Unidentified Cichlids • is it a Copadichromis borleyi ?

Here's where you need to go to get help identifying your Cichlids.

Moderators: Chester B, StructureGuy

is it a Copadichromis borleyi ?

Postby sdraiders619 » Fri Mar 16, 2012 12:25 am

a fellow poster razorback and i have been messaging back and forth, he believes it is a borleyi and i agree, but more confirmation would make me more confident in the answer what do you guys think? my LFS had it listed as an assorted peacock but borleyi's are haps?

Image

Image

Image

Image
sdraiders619
 
Joined: Sun Mar 04, 2012 6:54 am
Location: San Diego

Share On:

Share on Facebook Facebook Share on Twitter Twitter

Postby 13razorbackfan » Fri Mar 16, 2012 1:38 am

Technically....peacocks are haps too. Aulonocara is a genus of haplochromine. Your LFS is 100% dead wrong claiming that fish is a peacock. Looks as though it is just starting to show its male characteristics such as the fins becoming more pointed, sides turning more orange, etc....It will continue to turn orange, fins will start to turn some white on its tips and the rest will be a pretty blue. They get rather large though and by the time it reaches maturity it will have outgrown your 40g and started to turn off really aggressive towards even your more aggressive fish.
User avatar
13razorbackfan
 
Joined: Wed Sep 28, 2011 12:19 am
Location: Arkansas

Postby famikert » Fri Mar 16, 2012 1:57 am

Technically....peacocks are haps too. Aulonocara is a genus of haplochromine
are Mbuna also a genus of haplochromine
famikert
 
Joined: Thu Feb 20, 2003 6:40 pm
Location: moving to china to help my sister

Postby 13razorbackfan » Fri Mar 16, 2012 2:27 am

famikert wrote:
Technically....peacocks are haps too. Aulonocara is a genus of haplochromine
are Mbuna also a genus of haplochromine
I believe that mbuna are haplochromines. I think haplochromines are then broken down into two sub groups....mbuna and utaka. Correct me if I am wrong.

I remember reading, I think, that aulonocara may have been put into a new group all its own from other haplochromis species or something to that effect. I am not a biologist so some of the reclassification and where they were put gets a bit confusing.

I found this on google books....it is a very long study done by a couple scientists named "The impact of species changes in African lakes". Here is a link...

http://books.google.com/books?ei=2eFiT_ ... na&f=false

A little light reading I guess if you want more information on the specifics of african cichlids.
User avatar
13razorbackfan
 
Joined: Wed Sep 28, 2011 12:19 am
Location: Arkansas

Postby m1ke715m » Sat Mar 17, 2012 4:04 pm

when people are talking about fish theres 3 groups.. haps, peacocks and mbuna.. dont overcomplicate it lol

utaka are open water dwelling plankton eating haps.. there are haps that are no utaka

i would not characterize peacocks as haps.. they are peacocks

and yea thats a male copadichromis borleyi kandango.. well this species is notoriously hormoned.. I've seen a tank full of them with only a few males starting to get the red on the breast and then come back a month later and all of them had it.. but it does look male as long as it wasnt hormoned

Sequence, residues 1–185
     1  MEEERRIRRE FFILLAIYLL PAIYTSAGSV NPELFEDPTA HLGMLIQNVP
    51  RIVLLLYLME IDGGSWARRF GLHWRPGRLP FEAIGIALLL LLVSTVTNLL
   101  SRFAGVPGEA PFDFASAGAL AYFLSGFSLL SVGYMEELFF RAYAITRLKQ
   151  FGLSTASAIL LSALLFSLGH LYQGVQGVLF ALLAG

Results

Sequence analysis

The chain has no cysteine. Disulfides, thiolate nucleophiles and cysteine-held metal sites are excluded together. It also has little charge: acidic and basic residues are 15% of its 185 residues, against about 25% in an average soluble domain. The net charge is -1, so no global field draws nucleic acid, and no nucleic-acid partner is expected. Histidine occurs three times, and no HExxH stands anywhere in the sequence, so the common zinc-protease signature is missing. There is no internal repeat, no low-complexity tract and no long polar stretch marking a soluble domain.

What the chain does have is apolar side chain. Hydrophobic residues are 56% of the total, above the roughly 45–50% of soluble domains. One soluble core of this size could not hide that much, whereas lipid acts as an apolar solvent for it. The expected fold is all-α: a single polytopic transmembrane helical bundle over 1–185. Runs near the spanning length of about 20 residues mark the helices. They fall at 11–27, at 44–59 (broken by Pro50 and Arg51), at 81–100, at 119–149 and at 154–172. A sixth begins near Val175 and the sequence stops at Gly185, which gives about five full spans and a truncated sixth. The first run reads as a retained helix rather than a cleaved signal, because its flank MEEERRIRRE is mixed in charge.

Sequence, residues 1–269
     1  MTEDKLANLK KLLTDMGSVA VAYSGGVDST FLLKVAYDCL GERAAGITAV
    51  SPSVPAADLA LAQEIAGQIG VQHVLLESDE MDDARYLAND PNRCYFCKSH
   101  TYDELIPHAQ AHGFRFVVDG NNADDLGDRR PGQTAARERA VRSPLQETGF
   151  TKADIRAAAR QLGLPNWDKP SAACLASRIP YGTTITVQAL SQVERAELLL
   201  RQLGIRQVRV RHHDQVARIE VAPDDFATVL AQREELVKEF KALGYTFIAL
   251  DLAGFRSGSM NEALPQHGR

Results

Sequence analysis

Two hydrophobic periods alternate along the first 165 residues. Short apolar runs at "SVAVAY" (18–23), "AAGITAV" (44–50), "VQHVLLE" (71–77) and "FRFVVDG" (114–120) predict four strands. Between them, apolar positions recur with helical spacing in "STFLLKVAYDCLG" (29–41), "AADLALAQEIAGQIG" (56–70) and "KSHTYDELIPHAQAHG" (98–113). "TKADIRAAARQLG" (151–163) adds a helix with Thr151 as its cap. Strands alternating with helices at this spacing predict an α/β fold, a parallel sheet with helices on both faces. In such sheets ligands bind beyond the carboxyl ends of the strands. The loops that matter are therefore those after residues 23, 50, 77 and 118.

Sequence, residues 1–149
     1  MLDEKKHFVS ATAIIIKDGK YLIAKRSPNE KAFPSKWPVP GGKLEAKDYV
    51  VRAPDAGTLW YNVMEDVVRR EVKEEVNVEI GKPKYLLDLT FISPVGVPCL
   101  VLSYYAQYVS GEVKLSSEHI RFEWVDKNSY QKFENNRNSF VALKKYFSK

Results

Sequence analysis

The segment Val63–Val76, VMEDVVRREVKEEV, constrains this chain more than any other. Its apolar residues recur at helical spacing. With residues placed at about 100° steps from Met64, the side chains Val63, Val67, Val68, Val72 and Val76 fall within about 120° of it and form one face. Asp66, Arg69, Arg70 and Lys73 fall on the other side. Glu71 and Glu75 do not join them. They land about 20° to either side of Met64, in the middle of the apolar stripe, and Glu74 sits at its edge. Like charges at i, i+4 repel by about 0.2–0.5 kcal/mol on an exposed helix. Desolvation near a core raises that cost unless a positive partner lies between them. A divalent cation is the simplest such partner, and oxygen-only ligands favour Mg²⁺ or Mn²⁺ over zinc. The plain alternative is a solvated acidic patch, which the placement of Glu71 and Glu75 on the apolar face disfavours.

m1ke715m
 

Postby noki » Sun Mar 18, 2012 11:17 am

ALL Malawi cichlids are Haplochromines. Except for the few Tilapia. Same with Lake Victoria cichlids. Lake Tanganayikan has a mix but Tropheus and Petrochromis are the best know Haplochromines.

The Mbuna is a pretty obvious group of specialized rock dwellers who have specially evolved mouths for eating in that area. Their color is less metallic.

The Aulonocara and Lethrinops are specialized sand dwellers, or around sand and rocks. They all tend to have just a vertical juvenile pattern, and a similar head. They are distinct enough from the "Haps" to be given their own big group.

The rest is a mix of fish that used to be just called "Haps" before they created a bunch of new genuses. These fish usually have a horizontal stripe as juveniles, except it may be broken so it looks like 3 spots. Some don't.


Stores are just using the name "Peacock" as a vague rather meaningless term for fish that supposed to be colorful. The hormoned fish they sell are often called "Peacocks". They don't know what they are and they don't care.
...
noki
 
Joined: Fri Jun 13, 2003 1:38 am
Location: OH

Postby 24Tropheus » Sun Mar 18, 2012 11:43 am

Question, can it be a pure Copadichromis borleyi (Kadango) with such clear barring? I know Copadichromis borleyi (Kadango) can have barring but is it not usualy a lot less clear than that in pure guys?

Is it mostly Copadichromis borleyi (Kadango) maybe with some Aulonocara in there too?

Would that make it a Ucock or a Peataka ? :wink:

All the best James
Tanks 180, empty revamping 100,65,60g Tropheus/tang communities 75g revamping. 29gx3 shelly communities, 29g Trigs breeding. 20gx2 shelly tanks. BCA member 207. Try it you might like it.
User avatar
24Tropheus
 
Joined: Tue Jun 20, 2006 9:03 pm
Location: Sawbridgeworth near London UK

Postby sdraiders619 » Sun Mar 18, 2012 4:07 pm

well since this pic he has started to color up a lot, hes gaining a lot of orange on his body and fins, and his face is gaining some blue mostly on his gills right now, his strips have almost disapeared but theyre still noticeable from some angles
sdraiders619
 
Joined: Sun Mar 04, 2012 6:54 am
Location: San Diego

Postby noki » Sun Mar 18, 2012 4:33 pm

I don't think it is unusual for a Copadichromis borleyi (Kadango) male to show some subtle barring at times.
...
noki
 
Joined: Fri Jun 13, 2003 1:38 am
Location: OH


Return to Unidentified Cichlids

Who is online

Users browsing this forum: Yahoo [Bot] and 3 guests